LWP investment strategies (as of March 31, 2021)

April 1, 2021

We take many market and economic factors into account when adjusting portfolios on clients’ behalf. These are some of the conditions currently factoring in to our strategies.

Expected economic rebound

Vaccinations are increasing and market consensus continues to coalesce around the idea of a strong economic rebound this year. Continuing accommodative policy from the Federal Reserve (the FED) and the expectation that Washington will produce another round of fiscal stimulus play into the reaction we have seen in the market.

LWP Strategy:  For the above reasons, as suitable, we are continuing to allow equities to run 5% over target. We have followed this strategy since the Feb/March 2020 downturn with good results. Of course, as you might expect, we are continuing to carefully monitor markets with regard to this and other strategies.

Shift from technology to “everything else”

Unlike the mid-to-late 2020 “tech and then everything else” trend, there has recently been broader participation underlying the stock markets’ advance.

LWP Strategy: In February 2021, as suitable, we pared back the “high-flying” technology/growth sector and added to the value sector. In some cases (ESG portfolios, for example), the preferred balance was already in place.


Fear of future inflation has been driving higher bond interest rates. The 10-year Treasury interest rate increased to 1.73% as of March 31, 2021, from a little under 1% at the beginning of the year.1

LWP Strategy: We do expect moderate increases in inflation as prices rise over the next 12-24 months due to pent-up demand. It is too soon to tell if these price increases will be temporary or longer-term. Inflation is a concern, as it is “the retiree’s enemy.” Fortunately, certain investments can help counteract its effects. We have already added TIPS (Treasury Inflation-Protected Securities) to portfolios as suitable.


The reported unemployment rate of 6.2% (as of March 31, 2021)1 understates the weakness in labor market conditions. Federal Reserve (FED) Chair Jerome Powell recently noted that the rate would be closer to 10% adjusting for the decrease in labor force participation. This leaves the central bank “a long way” from achieving its unemployment goal.1

LWP Strategy:  We expect the FED to continue its accommodative stance, which tends to support a rising stock market and our strategy on your behalf of overweighting stocks.


This is the point in the economic cycle when many types of quality bonds look less attractive than stocks due to their modest returns. Depending on the bond type, an annual rate of return of approximately 1% to 3% or even modest negative results is common.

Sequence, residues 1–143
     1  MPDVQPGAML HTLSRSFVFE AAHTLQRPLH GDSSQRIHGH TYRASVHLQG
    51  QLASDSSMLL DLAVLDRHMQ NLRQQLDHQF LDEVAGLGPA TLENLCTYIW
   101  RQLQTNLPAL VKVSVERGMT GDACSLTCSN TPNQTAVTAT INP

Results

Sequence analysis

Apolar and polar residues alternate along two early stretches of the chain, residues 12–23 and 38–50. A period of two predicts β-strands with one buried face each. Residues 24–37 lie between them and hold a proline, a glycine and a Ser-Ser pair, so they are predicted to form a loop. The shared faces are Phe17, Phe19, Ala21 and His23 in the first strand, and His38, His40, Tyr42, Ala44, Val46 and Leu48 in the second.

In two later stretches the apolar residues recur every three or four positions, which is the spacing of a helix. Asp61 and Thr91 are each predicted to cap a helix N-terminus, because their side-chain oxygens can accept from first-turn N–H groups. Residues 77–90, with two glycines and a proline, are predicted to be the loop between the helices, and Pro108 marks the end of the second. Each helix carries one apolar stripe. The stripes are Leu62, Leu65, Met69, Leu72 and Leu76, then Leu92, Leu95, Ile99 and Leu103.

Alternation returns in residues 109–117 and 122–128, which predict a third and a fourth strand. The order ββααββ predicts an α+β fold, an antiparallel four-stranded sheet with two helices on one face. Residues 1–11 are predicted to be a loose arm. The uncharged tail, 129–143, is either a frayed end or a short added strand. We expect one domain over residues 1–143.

LWP Strategy:  We advise clients to hold bonds for protection and believe a protection element is important in many portfolios. However, as we overweight stocks 5%, we underweight bonds 5%.  Also, as suitable, we are diversifying the bond portion of portfolios with alternative investments, municipal bonds, and international bonds.

Contrarian buying

If another significant stock market downturn occurs, we are ready to purchase as follows (from December 31, 2020, 3662 price, and based on support levels):

  • 2% of portfolio in stocks at -18% (S&P 500 3010)
  • 3% of portfolio in stocks at -25% (S&P 500 2750)
  • 3% of portfolio in stocks at -37% (S&P 500 2305)

We will choose stock categories that present opportunity and retain your portfolio diversification.


1. Yahoo Finance, March 31, 2021.

TIPS: Treasury inflation-protected securities (TIPS) are a type of Treasury security issued by the U.S. government. TIPS are indexed to inflation in order to protect investors from a decline in the purchasing power of their money. As inflation rises, TIPS adjust in price to maintain its real value

This information is not intended as a complete description of the securities, markets, or developments referred to in this material. The information has been obtained from sources considered to be reliable, but we do not guarantee that the foregoing material is accurate or complete. Expressions of opinion are as of this date and are subject to change without notice. This information is not intended for a solicitation or an offer to buy or sell any security referred to herein. Investments mentioned may not be suitable for every investor. Investing involves risk and investors may incur a profit or a loss, including the loss of all principal. Diversification does not assure profit or protection against loss. Bond prices and yields are subject to change based upon market conditions and availability. If bonds are sold prior to maturity, you may receive more or less than your initial investment. Holding bonds to term allows redemption at par value. Bond prices and interest rates have an inverse relationship. Dividends are not guaranteed and must be authorized by the company’s board of directors. No one graph, chart, formula, or software can in and of itself be used to determine which securities to buy or sell, when to buy or sell them, or assist any person in making decisions as to which securities to buy or sell or when to buy or sell them. Any chart, graph, formula, or software used is limited by the data entered and the created parameters.

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